Global Communication currently operates in the local market, which limits their ability to provide more technical sophistication to their customers. Global Communication can enter into cross-cultural relationships with India and Ireland to reduce the cost of handling calls by 40%. "off-shore sourcing has become a significant corporate strategy since 1990s. it is the most recent management tool to emerge in response to demands for more efficient ways to address organizational competitiveness" (Ahlawat & Ahlawat, 2006). Global Sourcing
In order to become more efficient, Global Communication has to lay-off and relocating employers. Global Communication continues to uphold their people philosophy, "Our edge is people", by showing empathy and respect for employees. The company can offer career counseling for employees that are being laid-off and incentives for those who have to relocate. "Preparing individuals through participation in appropriate programs significantly promotes employees morale and reduces negative affective responses through consideration of the individual cost caused by the downsizing process" (Tzafrifi, Man-Negin, Harel, & Rom-Nay, 2006). Downsizing
The union feels that Global Communication undermined their relationship by not including them in the company's new strategy of globalization and outsourcing. Global Communication senior leadership and Union Representatives can re-negotiate current terms under the new globalization and outsourcing strategy. "Parties engaged in the process of collective bargaining must bargain in good faith about something concrete" (Morton, 2006). Collective Bargaining


Table 2
Stakeholder Perspectives
Stakeholder Perspectives

Stakeholder Groups
The Interests, Rights, and
Values of Each Group

Shareholders Shareholders have the right by law to be told about any changes that may affect the company's value. Shareholders interests are served by the managerial efficiency to achieve profits.
Employees Global Communication has very loyal employees that have been with the company for a long time. It is only fair that Global's leadership extends the same courtesy to their employees by informing them on the changes prior to any media release. Employee's interests include work satisfaction, pay, and job satisfaction.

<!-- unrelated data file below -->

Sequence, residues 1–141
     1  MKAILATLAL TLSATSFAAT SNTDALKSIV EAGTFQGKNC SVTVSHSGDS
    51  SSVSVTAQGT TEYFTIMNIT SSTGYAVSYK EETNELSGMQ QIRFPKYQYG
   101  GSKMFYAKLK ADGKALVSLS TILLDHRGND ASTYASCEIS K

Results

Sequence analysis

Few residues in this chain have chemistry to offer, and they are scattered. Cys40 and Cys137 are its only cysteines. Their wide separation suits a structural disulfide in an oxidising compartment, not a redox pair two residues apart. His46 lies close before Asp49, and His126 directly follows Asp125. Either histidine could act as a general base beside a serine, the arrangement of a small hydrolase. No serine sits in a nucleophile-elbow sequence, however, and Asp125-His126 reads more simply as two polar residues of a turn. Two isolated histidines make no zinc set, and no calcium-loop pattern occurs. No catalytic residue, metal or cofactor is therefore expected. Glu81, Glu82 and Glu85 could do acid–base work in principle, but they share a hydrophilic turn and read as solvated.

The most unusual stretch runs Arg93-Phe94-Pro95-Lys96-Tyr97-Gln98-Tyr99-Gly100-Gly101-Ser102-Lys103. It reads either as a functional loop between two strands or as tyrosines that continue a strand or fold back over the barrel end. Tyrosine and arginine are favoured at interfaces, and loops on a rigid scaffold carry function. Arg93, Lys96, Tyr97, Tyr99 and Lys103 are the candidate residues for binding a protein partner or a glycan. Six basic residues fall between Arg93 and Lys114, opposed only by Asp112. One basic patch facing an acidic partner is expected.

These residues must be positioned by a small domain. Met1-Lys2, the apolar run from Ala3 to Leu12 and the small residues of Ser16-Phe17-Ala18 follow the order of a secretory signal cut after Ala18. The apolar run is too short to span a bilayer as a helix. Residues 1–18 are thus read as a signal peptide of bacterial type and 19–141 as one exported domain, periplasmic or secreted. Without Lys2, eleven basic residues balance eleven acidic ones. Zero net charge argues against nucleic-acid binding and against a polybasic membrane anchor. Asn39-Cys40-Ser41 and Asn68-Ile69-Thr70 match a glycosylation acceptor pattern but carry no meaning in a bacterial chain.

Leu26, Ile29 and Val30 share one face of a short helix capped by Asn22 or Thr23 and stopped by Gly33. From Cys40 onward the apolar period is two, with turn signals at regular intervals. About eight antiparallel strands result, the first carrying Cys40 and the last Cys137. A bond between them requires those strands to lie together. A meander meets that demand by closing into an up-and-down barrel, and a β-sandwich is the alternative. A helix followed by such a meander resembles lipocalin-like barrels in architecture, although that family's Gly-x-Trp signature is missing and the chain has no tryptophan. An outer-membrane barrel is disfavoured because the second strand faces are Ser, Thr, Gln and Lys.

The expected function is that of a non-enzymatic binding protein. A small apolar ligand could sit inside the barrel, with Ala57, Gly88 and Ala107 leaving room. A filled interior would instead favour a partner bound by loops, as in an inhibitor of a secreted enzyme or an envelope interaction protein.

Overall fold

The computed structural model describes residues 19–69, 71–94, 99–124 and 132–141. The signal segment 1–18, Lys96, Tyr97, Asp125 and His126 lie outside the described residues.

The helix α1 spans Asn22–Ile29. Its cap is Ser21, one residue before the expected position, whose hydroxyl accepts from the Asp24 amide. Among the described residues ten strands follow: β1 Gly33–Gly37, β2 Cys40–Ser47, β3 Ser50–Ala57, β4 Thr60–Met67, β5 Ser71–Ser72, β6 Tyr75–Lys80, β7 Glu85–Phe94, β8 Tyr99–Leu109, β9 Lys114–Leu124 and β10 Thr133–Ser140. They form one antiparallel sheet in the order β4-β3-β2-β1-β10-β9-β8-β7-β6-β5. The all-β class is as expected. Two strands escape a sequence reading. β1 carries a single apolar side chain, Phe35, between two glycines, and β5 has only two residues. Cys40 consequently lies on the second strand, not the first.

Global Communication Senior Leadership The leadership has the social responsibility to ensure that the new strategy does not conflict with the company's vision, deteriorate outside relationships, and that employees are treated with respect, regardless of their disposition.
Customers Global Communication owes their customers the best product or service that is possible. Customers are concerned with quality, safety, and availability of goods and services.
Community Global Communication has a social responsibility to consider the environment and quality life of surrounding communities.
Union Leadership The Union leadership is responsible for the best interest of the union members and the union itself.

Table 3
End State Goals
End-State Goals
Transform into a global corporation within three years.
Reduce and move some technical call centers to India and Ireland. In addition, cut unit cost for handling calls by 40%.
Provide small business owners with technical sophistication such as state-of-the-art call features, local and long-distance services, satellite video and broadband services, and wireless internet.
Commit to satisfying the realistic expectations of our employees, customers, and other stakeholders.